By Lyndsey Kleven
The goal of many public health advocates and the medical community is to have access to timely, reliable information about healthcare, and electronic healthcare (e-health) is making access possible. This goal is specifically important to seniors, who often have a greater number of health conditions and use healthcare services and prescriptions drugs at a more frequent rate than younger adults.
Connect Ohio’s Residential Technology Assessment found that 37% of people 65 or older have home broadband service, and 53% of seniors accessing the Internet use it to search for medical information or to communicate with healthcare professionals. For seniors, learning to use the Internet for healthcare could have a significant impact and play a huge role in helping them to live independently, while being able to stay connected.
The impact the Internet could have on seniors is substantial, yet the online behavior of seniors has not been studied as closely as other age groups, as seen in a study by the Kaiser Family Foundation. Seniors are the most avid consumers of health information and many policymakers are hopeful that this demographic will, over time, become more actively engaged in using Internet sites to assess health information.
Not only will advancing technology in the healthcare field be beneficial to those who access healthcare the most, it is currently having a significant impact on those who work in the medical field. The advancements seen by medical professionals will continue to progress. An article posted by Nortel.com predicts the 5 key technology benefits expected to impact healthcare over the next years are:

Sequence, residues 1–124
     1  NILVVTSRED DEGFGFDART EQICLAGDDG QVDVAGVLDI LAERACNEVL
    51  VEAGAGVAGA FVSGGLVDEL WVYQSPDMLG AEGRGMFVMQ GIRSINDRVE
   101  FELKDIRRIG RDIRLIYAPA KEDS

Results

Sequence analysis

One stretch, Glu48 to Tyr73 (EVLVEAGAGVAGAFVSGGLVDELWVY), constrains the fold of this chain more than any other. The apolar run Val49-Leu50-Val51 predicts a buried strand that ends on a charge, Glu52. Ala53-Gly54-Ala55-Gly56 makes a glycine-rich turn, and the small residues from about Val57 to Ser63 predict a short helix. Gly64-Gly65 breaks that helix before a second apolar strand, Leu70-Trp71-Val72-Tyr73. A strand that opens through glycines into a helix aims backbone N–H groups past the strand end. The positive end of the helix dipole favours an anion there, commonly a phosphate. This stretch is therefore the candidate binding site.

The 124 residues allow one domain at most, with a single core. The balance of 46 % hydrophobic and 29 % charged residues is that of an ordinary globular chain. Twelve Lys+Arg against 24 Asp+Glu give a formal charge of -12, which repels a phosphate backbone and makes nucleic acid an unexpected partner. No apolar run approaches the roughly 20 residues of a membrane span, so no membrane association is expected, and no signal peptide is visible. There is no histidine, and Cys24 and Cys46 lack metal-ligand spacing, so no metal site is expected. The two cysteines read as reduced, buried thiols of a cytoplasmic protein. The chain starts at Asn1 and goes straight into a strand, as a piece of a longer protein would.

- Up-to-date electronic clinical records will allow staff to check a new prescription against a patient’s existing drugs and allergies to reduce chances of error.
- An intelligent patient and equipment tracking and location system will notify staff of patient needs and required next stage of care, e.g., a patient is on their way to a recovery room. Equipment tracking will allow apparatuses to be found quickly for use, maintenance, and tracked for loss or theft.
- Context-based communications will allow staff to see a patient’s records and use real-time communication and collaboration tools such as instant messaging, click-to-call, or file sharing with a “buddy list” of the patient’s assigned nurses, doctors, residents, and their present status giving each staff member’s availability.
- City hospitals will be networked so that all hospital and patient data is available and stored securely in multiple sites, reducing risk that a natural disaster will wipe out the complete medical record of anyone who lives in the city.
- Community health will be interconnected with hospitals and other healthcare sites such as clinics, doctor offices, and home care services to help provide quality patient care outside the bricks and mortar of a hospital. This will allow hospitals to decrease costs by managing resources more effectively.
Connect Ohio is helping seniors get connected through the Every Citizen Online program, which provides free basic computer training to adults all across Ohio. Any Ohio adult is eligible for the 6-hour training program which is being offered at more than 250 locations.
Register for Every Citizen Online classes by calling 1-800-NOW-I-CAN (669-4226)
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